Baby has their BCG

Stem cell collection at Epsom and St Helier

One day, your baby’s cord blood stem cells could help to repair damaged tissues, regrow or repair worn out organs, or even help to cure a life threatening disease.

The blood from your baby’s umbilical cord is one of the richest and most powerful sources of stem cells available. In all births, some cord blood is left behind in the umbilical cord and placenta after the baby is delivered and the umbilical cord is cut. Collecting it is quick, simple, safe and non-invasive.

In the UK, we throw away 60,000 litres per year of what is potentially a life-changing and even life-saving resource. We want to change this.

The maternity units at both Epsom and St Helier hospitals are working alongside Cells4Life, the UK’s largest cord blood bank, to offer public and private cord blood storage programs.

Over the last two decades, stem cell banking has become routine practice for many families throughout the world for treatment of a variety of diseases, or for future therapeutic uses which are currently in their research phase, including type 1 diabetes, Parkinson’s disease and cerebral palsy. Until recently, bone marrow was the primary source of stem cells but the use of cord blood stem cells has become routine for transplantations, and has now evolved as the primary source.

Consent and collection process

Your antenatal midwife will ask whether you wish to donate your cord blood for donation during one of your appointments. If you do not wish to donate your cord blood, you can opt out.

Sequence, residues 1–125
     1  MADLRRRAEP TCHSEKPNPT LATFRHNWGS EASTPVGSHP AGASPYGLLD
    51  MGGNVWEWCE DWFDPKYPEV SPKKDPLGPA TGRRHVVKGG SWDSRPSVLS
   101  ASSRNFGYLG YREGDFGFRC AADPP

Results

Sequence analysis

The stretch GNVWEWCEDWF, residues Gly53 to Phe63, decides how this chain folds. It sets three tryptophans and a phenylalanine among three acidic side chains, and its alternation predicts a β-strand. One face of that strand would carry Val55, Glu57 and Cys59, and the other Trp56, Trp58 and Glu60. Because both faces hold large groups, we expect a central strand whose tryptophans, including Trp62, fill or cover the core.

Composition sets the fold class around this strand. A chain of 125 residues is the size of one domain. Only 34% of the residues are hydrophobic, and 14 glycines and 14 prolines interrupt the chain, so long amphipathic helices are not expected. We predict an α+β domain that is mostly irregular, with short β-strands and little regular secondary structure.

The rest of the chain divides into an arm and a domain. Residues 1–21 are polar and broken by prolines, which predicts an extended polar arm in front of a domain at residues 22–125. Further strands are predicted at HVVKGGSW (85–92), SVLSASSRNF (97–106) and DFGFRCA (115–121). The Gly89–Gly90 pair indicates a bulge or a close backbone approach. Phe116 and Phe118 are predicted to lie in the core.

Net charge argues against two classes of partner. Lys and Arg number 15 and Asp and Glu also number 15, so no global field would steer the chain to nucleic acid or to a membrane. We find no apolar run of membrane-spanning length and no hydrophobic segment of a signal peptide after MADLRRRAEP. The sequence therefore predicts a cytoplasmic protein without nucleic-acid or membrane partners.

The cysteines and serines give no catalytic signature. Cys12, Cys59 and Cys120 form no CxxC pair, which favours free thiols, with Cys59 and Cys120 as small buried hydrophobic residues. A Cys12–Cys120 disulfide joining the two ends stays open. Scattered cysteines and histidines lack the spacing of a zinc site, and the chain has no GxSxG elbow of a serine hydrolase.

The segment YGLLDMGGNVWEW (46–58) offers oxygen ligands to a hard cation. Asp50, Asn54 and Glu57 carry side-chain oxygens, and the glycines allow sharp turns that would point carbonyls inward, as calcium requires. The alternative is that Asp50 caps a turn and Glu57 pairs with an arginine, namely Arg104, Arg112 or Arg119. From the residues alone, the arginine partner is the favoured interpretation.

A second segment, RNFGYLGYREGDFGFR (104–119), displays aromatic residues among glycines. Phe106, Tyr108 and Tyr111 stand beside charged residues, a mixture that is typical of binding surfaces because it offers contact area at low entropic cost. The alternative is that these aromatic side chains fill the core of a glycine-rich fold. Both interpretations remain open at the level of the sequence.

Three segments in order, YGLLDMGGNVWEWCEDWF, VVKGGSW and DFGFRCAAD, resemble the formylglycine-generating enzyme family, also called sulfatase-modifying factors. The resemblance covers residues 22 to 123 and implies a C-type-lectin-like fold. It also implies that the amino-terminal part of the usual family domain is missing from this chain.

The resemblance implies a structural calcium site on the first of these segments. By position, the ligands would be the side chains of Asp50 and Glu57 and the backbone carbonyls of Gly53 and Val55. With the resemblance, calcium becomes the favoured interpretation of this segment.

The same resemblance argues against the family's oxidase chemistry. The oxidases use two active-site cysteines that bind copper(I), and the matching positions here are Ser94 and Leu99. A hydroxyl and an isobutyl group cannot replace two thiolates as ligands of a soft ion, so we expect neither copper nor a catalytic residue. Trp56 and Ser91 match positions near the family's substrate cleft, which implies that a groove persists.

For cord blood storage, you have two options:

  •  You can donate your baby’s blood to a public cord bank for anyone who needs it.
  • You can pay to store your baby’s cord blood in a private cord blood bank for your family’s use.

The Trust will always put you and your baby first and this may result in a donation not being taken.

The Trust receives a small payment from Cells4Life for every donation of cord blood.

Further information is available at http://cells4life.com or on discussion with the antenatal midwives.

 

Get connected

  • Like us on Facebook 
  • Follow us on Twitter
  • Follow us on Linkedin 
  • Reviews on NHS Choices
  • Watch our videos

 

  • Like us on facebook
  • Follow us on Twitter 
  • Follow us on LinkedIn
  • Review on NHS Choices
  • Watch our videos

NHS image placement

Healthy Workplace Achievement Award 2016 NHS Choices